If you play golf regularly, the aim is always to reduce your handicap. In fact, the game is not really about winning against others.
The odds are so stacked against the player; the focus is more on improving your game to fight those odds and get the lowest possible scores in the long run. Getting to beat others is just an added plus you get to pick along this route.
Many things can be done to lower your handicap. Some of the important pointers are:
Get the right equipment
These days we have clubs that cater to specific skill levels, with max game improvement clubs for high handicappers, game improvement clubs for average golfers and better player clubs for the low handicappers. We'll look at tools such as the lady petite golf club further below and on other areas of this website.
Choose a club that fits your skill level, and more importantly, get it custom fitted at the manufacturers or a club fitter. Do note that this advice does not imply that you have to buy the most expensive clubs out there!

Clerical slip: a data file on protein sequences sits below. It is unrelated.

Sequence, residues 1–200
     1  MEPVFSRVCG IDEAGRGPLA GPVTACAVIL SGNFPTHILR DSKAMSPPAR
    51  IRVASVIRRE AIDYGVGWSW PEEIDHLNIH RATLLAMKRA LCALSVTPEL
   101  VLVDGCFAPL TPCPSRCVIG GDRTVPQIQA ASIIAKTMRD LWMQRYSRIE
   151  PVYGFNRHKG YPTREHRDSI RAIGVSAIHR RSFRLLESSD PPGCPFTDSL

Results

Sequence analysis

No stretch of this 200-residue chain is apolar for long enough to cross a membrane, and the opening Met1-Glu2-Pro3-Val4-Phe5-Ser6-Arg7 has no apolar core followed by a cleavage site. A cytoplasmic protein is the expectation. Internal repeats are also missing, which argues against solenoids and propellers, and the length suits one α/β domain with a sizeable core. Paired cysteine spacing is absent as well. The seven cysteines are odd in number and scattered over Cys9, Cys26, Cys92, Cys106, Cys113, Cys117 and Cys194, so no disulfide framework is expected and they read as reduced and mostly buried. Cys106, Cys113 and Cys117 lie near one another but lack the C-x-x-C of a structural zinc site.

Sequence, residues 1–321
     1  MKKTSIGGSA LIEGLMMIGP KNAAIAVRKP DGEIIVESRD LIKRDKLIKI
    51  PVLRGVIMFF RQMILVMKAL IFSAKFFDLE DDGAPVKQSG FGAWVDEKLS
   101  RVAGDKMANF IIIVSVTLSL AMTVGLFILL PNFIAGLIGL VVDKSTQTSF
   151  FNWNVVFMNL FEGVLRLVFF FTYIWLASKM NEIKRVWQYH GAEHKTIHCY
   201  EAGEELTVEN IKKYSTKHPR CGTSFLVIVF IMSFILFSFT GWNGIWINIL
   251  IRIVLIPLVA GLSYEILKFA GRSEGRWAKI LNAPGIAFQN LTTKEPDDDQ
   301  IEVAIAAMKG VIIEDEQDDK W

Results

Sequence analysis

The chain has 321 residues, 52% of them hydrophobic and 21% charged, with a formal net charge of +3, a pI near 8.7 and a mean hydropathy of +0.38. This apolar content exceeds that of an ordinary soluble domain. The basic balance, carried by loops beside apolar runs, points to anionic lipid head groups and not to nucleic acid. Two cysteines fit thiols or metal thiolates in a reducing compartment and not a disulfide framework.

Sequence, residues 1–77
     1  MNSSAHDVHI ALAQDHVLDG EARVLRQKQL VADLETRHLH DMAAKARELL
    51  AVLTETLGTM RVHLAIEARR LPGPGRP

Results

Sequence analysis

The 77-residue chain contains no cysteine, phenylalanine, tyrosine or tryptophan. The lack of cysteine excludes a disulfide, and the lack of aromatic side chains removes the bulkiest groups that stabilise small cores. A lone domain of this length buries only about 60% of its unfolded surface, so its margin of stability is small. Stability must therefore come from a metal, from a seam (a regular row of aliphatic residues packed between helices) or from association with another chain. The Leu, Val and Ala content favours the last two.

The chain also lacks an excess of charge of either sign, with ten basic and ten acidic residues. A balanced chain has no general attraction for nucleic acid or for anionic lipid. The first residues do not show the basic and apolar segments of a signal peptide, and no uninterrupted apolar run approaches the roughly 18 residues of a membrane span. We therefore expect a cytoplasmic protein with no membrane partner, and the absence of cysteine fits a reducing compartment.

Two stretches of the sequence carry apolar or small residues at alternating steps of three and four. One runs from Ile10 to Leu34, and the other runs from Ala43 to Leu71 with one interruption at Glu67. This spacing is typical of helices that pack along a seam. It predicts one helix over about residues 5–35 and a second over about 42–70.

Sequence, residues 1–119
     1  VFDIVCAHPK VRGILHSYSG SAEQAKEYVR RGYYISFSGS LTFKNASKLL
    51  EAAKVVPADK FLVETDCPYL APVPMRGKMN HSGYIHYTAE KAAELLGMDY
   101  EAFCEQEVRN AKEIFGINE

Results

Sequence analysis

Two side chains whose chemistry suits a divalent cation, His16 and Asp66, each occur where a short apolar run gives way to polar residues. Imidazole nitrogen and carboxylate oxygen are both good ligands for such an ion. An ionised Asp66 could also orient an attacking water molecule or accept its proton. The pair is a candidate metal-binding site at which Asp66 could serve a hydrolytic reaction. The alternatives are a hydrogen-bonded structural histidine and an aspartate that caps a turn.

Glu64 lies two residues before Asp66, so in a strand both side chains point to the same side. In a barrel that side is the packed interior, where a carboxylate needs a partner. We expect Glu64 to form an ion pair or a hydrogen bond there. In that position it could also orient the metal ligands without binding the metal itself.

Improve your swing and stance
If you don't get the fundamentals straight, no amount of practice or fitness or expensive equipment will make any difference.
The best advice for a beginner golfer is to spend less on clubs and more on proper golfing lessons. The earlier you get your swing and stance in order, the better your chances of improving your handicap.
Many golfers have a fetish for the long game, hitting booming drives from the tee.
Improving your distance game as a high handicapper will help improve scores in the short to medium term.
But rather than using brute force alone, spend time on the driving range to learn to place your shots better on the fairway. If necessary, use a long hybrid or 3-wood instead of a driver.
This will help you avoid the bunkers and the rough better.
Learn to wield the short irons
The long game may help you during the high handicapper days, but the short game is what you need to make the transition to becoming a low, single digit handicapper.
The short game within 140 yards accounts for almost 60% of your entire shots on a round of golf. These clubs will put you into scoring positions on the green for easy par and birdie shots, as well as the odd eagle, as well if you choose your shots well.
Improve your putting game
This is just a logical extension of the point above. Once you get it on the green, you should have the skill to dispatch the ball to the hole with just one or two putts.